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Afghan leader says Taliban attack won’t block peace talks

Karzai dismisses assault on palace as small setback

KABUL — President Hamid Karzai said Saturday that his government is still willing to start talks with the Taliban, easing concerns that a brazen attack by the group on the presidential palace last week would derail Afghanistan’s nascent peace process.

In a joint news conference with visiting British Prime Minister David Cameron, he urged the militant group to return the negotiating table. He dismissed the attack as ‘‘peanuts’’ and said it would not deter his government from seeking peace.

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The Taliban have indicated they are willing to open peace talks with the United States and the Afghanistan government and opened an office in Qatar a little more than a week ago for possible negotiations.

But at the same time they have not renounced violence and attacks have continued across Afghanistan.

Their ability to carry out well-planned and bold operations was driven home Tuesday when a sport utility vehicle carrying four Taliban fighters managed to make it into a highly secured area by the gates of the palace. The four Taliban gunmen battled Afghan security forces for about an hour before being killed; a second vehicle involved in the attack blew up at a checkpoint on the way into the area.

The brazen attack on the center of Karzai’s government raised concerns that the Afghan leader, who has a reputation for political posturing, might demand difficult concessions for talks. The peace process has already been delayed over a dispute over the flag and sign outside the Qatar office.

Karzai told reporters at a joint press conference with Cameron that moving ahead with talks was the only way to end nearly 12 years of war.

‘‘The attack that was organized near the presidential palace will not deter us from seeking peace,’’ he said. ‘‘We’ve had them killing the Afghan people but still we ask for peace.’’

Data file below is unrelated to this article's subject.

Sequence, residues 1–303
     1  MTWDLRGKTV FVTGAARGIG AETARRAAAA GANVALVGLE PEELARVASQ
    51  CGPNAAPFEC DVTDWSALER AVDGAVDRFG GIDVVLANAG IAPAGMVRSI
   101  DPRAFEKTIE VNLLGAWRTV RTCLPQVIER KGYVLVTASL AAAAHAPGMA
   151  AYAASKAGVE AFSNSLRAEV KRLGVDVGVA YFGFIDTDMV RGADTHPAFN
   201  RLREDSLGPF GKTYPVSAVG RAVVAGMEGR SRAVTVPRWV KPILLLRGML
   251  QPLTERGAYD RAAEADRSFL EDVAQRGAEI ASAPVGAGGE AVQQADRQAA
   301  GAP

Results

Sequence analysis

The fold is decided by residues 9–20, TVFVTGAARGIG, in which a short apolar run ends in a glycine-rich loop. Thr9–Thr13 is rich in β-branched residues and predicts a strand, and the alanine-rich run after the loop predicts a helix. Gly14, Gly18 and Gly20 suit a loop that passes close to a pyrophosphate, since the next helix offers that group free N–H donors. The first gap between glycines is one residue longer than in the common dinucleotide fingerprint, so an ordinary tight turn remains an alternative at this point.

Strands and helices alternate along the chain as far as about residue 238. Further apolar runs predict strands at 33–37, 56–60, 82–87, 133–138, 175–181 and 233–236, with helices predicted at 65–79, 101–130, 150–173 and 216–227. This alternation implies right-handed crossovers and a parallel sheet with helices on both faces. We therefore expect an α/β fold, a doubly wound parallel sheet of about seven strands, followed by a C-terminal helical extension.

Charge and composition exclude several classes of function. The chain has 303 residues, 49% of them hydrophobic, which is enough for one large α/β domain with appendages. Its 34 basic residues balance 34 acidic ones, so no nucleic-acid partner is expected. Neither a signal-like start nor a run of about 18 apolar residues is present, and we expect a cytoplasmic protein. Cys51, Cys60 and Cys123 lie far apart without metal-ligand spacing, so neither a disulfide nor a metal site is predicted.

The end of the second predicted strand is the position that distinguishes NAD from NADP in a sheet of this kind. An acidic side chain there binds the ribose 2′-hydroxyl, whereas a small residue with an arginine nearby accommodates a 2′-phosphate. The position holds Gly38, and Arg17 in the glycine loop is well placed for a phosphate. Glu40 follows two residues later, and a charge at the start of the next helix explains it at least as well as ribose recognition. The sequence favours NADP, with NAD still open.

Karzai downplayed the significance of the Taliban attack at the heart of the Afghan government, in which all eight militants and three security guards were killed.

‘‘Comparatively speaking, this was quite an irrelevant attack,’’ he said. ‘‘We’re more concerned when they attack Afghan civilians, we’re more concerned when they attack Afghan schools and children — I wish they would spend all their time attacking the presidential palace and leave the rest of the country alone.’’

The Taliban have refused to negotiate with Karzai’s government in the past, saying the United States holds effective control in Afghanistan, but the Americans are hoping to bring the two sides together. The United States has said it would meet first with the Taliban and to get the process going; those talks would be followed by negotiations between the Taliban and Afghan government.

In a nod to Karzai’s concerns that Afghanistan might be being squeezed out of the process, Cameron assured him that ‘‘this peace process is for Afghanistan to determine, it must be Afghan-owned, Afghan-led.’’

He, too, urged the Taliban to open talks.

‘‘I believe a window of opportunity is open and I will urge all of those who renounce violence, who respect the constitution, who want to have a voice in the future prosperity of this country to seize that opportunity,’’ he said.

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